Milled SFM was fractionated by an air classification, using 1-40MZM laboratory “Zig-Zag” air classifier (Hosokawa Alpine, Augsburg, Germany). Parameters which were varied during air classification of SFM were rotation speed of dosing element and the air flow. Rotation speed of dosing element was set at 30, 60 and 90 %, respectively, and air flow was set at 5, 8.7 and 12.5 m3/h, respectively.
Feed rate was determined by measuring the time needed for the classification at each combination of air flow and rotation speed of dosing element. It was calculated as:

 

where Q represents feed rate, C and F are masses of obtained coarse and fine fractions respectively, and T represents classification time. Yields of obtained fractions was calculated according to equations:

where γC and γF represents yield of coarse and fine fractions respectively, C mass of coarse fraction, and F mass of fine fraction.
Bulk density was measured with a bulk density tester (Tonindustrie, West und Goslar, Germany). Particle size distribution of SFM prepared by conical mill was determined by standard sieving analysis (ISO Standard 2591-1:1988 (E)) using laboratory sieves ranging from 63 to 2500 µm (Endecotts Ltd., United Kingdom).
Unclassified SFM and classified SFM fractions were analyzed to moisture content (AOAC Method 934.01), crude protein content (AOAC 978.04 Method), and crude fiber content (AOAC 978.10 Method). Additionally, unclassified SFM was analyzed to crude ash (AOAC Method 942.05) and crude fat content (AOAC 920.39 Method).
One-way ANOVA and Tukey honestly significant difference test were used to analyze variations of the results. Differences between the means with probability p < 0.05 were accepted as statistically significant and differences between the means with 0.05 < p < 0.10 were accepted as tendencies towards differences. The level of confidence was set at 95% (STATISTICA 10.0, StatSoft Inc., Tulsa, OK, USA).

RESULTS AND DISCUSION

Results of chemical composition of starting SFM are presented in Table 1.
Table 1. Chemical composition of unclassified sunflower meal

Chemical composition

(%)

Moisture

9.02

Crude protein

35.99*

Crude fiber

19.39*

Crude fat

2.13*

Crude ash

6.75*

Nitrogen free extracts (NFE)

35.73*

* expressed at dry matter basis
Figure 1 shows particle size distribution of SFM milled by conical mill. 25.8% of particles were in size range from 1.25 to 2 mm as nearly 50% of particles were larger than 1.25 mm. Bulk density of milled SFM was 0.430 kg/dm3.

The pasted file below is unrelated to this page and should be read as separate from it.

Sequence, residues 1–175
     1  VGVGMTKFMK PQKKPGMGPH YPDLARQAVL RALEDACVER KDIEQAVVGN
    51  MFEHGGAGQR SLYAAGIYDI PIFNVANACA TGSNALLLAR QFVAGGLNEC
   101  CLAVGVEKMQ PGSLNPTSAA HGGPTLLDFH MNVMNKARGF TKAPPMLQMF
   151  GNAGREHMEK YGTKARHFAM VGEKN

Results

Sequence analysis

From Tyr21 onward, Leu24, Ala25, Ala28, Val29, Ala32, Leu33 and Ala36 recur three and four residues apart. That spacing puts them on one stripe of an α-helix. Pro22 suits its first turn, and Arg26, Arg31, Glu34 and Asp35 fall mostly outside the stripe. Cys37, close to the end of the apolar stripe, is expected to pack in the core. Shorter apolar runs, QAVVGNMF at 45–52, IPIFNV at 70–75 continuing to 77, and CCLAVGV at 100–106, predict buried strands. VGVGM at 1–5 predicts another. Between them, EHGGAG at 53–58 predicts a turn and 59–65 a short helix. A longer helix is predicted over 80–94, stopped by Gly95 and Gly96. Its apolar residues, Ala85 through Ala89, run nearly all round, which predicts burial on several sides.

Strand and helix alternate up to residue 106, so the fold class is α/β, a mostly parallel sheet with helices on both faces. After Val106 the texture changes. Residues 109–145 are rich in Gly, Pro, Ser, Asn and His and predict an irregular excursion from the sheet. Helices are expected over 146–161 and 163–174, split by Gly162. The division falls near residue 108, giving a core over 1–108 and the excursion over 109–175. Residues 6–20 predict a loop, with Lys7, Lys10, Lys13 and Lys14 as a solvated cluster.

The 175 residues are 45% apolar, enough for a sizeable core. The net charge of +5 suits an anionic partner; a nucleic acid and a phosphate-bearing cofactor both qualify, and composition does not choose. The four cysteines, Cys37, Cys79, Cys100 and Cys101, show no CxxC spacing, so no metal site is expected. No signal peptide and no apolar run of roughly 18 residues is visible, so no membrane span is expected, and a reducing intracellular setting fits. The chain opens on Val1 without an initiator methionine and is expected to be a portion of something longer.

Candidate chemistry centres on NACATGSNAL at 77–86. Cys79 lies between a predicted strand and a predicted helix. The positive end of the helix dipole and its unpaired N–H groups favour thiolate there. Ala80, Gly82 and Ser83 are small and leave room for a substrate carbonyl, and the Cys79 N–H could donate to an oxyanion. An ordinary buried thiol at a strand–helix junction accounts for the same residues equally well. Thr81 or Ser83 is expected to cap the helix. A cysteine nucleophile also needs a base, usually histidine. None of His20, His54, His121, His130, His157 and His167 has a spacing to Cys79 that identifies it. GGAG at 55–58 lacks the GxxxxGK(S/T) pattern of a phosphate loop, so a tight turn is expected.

Figure 1. Particle size distribution of sunflower meal milled by conical mill
The feed rate of classification at each air flow setting and rotation speed of dosing element, together with the yield of obtained fractions are presented in Table 2. As expected, higher percent of dosing speed had lead to higher feed rate and shorter time needed for fractionation of the same amount of the material.
Table 2. Feed rate and the yield of obtained fractions

Air flow (m3/h)

Rotation speed of dosing element (%)

Feed rate (kg/h)

Yield (%)

Coarse fraction

Fine fraction

5.0

30

0.77

92.27

7.73

5.0

60

4.06

91.58

8.42

5.0

90

10.70

93.80

6.20

8.7

30

0.60

77.85

22.15

8.7

60

3.92

77.36

22.64

8.7

90

10.21

78.12

21.88

12.5

30

1.06

52.50

47.50

12.5

60

3.80

54.17

45.83

12.5

90

8.09

55.00

45.00

Figure 2. Crude protein content of SFM fractions obtained at rotation speed of dosing element set at 30% (SFM-sunflower meal; C-coarse fraction; F-fine fraction; 5, 8.7, 12.5-air flow in m3/h)
Results are given as mean ± Standard Deviation
†- means are significantly different compared to the unclassified meal (p<0.05)
SFM fractions, obtained at all combinations of air flow and rotation speed of dosing element, had crude protein content significantly different (p<0.05) from the unclassified SFM. Results of protein content of SFM fractions obtained at 30% of dosing speed are shown in Figure 2. Fine fraction of SFM obtained at flow rate of 5 m3/h had higher protein content than that of starting SFM, probably because air flow of 5 m3/h was too low to fiber rich hulls end up in fines. Therefore, large hulls were pulled down in coarse fraction by gravity. Only finely ground particles ended up in fine fraction, but the yield of fraction was only 7.73%, with the protein enrichment of 2.82% compared with the starting material. Coarse fraction obtained at 12.5 m3/h had higher value of crude protein content than that obtained at 8.7 m3/h. Air flow of 12.5 m3/h was sufficient enough to drag up significant amount of sunflower hulls into fines and to get coarse fraction richer in protein for 12% compared to the starting SFM, while the protein enrichment of coarse fraction at 8.7 m3/h was only 1.76%. Similar results of protein enrichment were achieved by Wu and Abbott (2003). These authors successfully used air classification process for 2.9 - 11% protein content enrichment of pin milled defatted salicornia meal, compared to the starting material.